Medicare does not cover Ozempic and Mounjaro when used for weight loss. A bill introduced in the U.S. House of Representatives last year, the Treat and Reduce Obesity Act of 2023, aims to allow Medicare to pay for weight-loss drugs for the first time.

High demand for weight-loss drugs

Given the effectiveness of these drugs for type 2 diabetes, and the cardiovascular benefits seen in people taking these types of medications, Fitch doesn’t think health insurers will drop coverage of these drugs.

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However, “employers should advocate for PBM [pharmacy benefit management] rebate reform, so that these drugs can be priced closer to their price in other countries,” she said.

PBMs negotiate with drug manufacturers to obtain discounts for insurers and employers. Some members of Congress blame PBMs for causing the rise in drug prices. Rising rebates demanded by PBMs from manufacturers have also been linked to rising list prices.

Ellen Kelsay, president and CEO of Business Group on Health, a non-profit organization representing large employers, said the high consumer demand for GLP-1s is expected to lead to considerable increases in healthcare costs for employers with self-funded insurance plans.

“The medications are expensive, and with over 40% of the U.S. population being overweight and/or struggling with obesity, the number of patients who could potentially be prescribed these medications is extremely high,” Kelsay told Healthline.

“The cost of the medications, coupled with their widespread use — for the treatment of both diabetes and obesity — could create a challenging financial situation for the employer-sponsored plans as well as for patients,” she said.

Some groups of consumers may be impacted more by the high list prices of these drugs, such as marginalized and/or lower-wage populations, said Kelsay, especially if they are uninsured or have health insurance that does not cover these medications.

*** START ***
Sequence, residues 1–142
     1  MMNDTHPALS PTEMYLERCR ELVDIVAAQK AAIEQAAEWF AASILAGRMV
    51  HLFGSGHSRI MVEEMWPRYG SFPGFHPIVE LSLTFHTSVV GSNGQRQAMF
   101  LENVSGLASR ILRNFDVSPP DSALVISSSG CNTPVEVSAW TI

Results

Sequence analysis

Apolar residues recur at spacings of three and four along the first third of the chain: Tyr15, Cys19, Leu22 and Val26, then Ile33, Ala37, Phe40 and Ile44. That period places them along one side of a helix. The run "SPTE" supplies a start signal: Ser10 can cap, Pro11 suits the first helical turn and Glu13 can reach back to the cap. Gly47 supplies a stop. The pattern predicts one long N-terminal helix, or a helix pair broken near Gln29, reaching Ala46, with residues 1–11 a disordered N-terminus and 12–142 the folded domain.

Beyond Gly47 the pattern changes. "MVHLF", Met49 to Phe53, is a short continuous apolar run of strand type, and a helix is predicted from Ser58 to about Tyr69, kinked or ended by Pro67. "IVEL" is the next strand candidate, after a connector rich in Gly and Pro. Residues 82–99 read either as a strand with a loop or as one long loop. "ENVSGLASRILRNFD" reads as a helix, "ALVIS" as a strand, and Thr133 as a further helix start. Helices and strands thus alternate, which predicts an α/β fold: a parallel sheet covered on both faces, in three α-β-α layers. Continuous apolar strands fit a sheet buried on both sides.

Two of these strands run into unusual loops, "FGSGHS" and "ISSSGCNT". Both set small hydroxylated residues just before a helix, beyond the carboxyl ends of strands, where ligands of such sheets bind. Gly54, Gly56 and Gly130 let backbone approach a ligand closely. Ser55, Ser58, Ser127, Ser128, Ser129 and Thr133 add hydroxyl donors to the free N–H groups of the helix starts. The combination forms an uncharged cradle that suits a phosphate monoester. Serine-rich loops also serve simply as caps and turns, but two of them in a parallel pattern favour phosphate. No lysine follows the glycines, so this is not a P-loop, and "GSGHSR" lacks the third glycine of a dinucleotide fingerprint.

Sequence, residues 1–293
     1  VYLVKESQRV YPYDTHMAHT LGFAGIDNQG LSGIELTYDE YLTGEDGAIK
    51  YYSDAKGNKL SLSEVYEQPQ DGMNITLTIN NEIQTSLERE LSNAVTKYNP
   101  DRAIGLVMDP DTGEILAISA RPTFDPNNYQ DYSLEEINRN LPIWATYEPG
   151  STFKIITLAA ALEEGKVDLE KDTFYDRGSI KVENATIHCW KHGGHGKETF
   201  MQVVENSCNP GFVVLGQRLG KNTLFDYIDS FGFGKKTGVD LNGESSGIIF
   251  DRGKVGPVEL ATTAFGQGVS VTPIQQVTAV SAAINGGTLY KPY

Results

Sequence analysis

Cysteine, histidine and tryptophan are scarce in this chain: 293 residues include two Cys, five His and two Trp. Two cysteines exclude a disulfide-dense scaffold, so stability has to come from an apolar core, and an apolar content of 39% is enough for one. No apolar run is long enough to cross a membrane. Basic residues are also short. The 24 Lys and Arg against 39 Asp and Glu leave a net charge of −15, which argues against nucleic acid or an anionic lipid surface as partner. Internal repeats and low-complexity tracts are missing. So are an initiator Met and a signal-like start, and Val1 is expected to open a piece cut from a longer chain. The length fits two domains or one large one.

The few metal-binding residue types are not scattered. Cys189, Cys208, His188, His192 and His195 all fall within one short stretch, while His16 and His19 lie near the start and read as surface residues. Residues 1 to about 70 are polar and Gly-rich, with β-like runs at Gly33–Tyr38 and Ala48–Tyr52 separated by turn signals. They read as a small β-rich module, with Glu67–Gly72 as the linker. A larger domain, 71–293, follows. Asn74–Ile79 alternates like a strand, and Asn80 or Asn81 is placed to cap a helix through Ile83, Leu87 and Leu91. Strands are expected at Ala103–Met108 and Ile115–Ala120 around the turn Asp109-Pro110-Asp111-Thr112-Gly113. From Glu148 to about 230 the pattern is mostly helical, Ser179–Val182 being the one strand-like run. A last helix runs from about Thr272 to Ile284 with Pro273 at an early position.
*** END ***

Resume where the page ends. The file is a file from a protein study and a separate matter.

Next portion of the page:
With drug prices in the United States significantly higher than in other countries, another concern is that people concerned about cost will seek out alternatives.

“[High drug] prices in the U.S. drive consumers to use unregulated, untested and potentially-harmful knock-off compounded versions of these drugs,” said Fitch, “which is a real problem that we need to take very seriously in our country.”

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Earlier this year the Food and Drug Administration warned consumers not to use counterfeit Ozempic, which was found in the country’s drug supply. These counterfeit drugs carry the risk of infection from unsterile needles and other harmful effects, the agency said.

Takeaway Note

The list price of more than 700 prescription drugs is increasing at the start of this year by an average of around 4.5%. Included in this is a 3.5% increase in the price of Ozempic and a 4.5% increase in Mounjaro.

Ozempic and Mounjaro are approved as anti-diabetes medications, but are prescribed off-label for weight loss. They belong to a class of medications known as GLP-1 receptor agonists. Mounjaro also activates another receptor known as GIP.

People with prescription coverage of these medications may not pay the full list price. Instead they may pay a lower amount determined by their insurer. Coupons or savings cards may also be available from manufacturers to offset the price.